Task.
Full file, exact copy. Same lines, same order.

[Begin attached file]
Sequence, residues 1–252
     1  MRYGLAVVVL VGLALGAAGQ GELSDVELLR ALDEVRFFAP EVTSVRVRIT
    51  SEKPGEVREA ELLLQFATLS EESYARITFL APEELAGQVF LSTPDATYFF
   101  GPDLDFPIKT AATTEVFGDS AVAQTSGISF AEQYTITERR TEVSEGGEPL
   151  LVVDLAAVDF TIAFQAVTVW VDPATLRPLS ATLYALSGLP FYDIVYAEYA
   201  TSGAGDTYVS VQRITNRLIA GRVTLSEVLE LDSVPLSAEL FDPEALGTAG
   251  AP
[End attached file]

Sequence, residues 1–252
     1  MRYGLAVVVL VGLALGAAGQ GELSDVELLR ALDEVRFFAP EVTSVRVRIT
    51  SEKPGEVREA ELLLQFATLS EESYARITFL APEELAGQVF LSTPDATYFF
   101  GPDLDFPIKT AATTEVFGDS AVAQTSGISF AEQYTITERR TEVSEGGEPL
   151  LVVDLAAVDF TIAFQAVTVW VDPATLRPLS ATLYALSGLP FYDIVYAEYA
   201  TSGAGDTYVS VQRITNRLIA GRVTLSEVLE LDSVPLSAEL FDPEALGTAG
   251  AP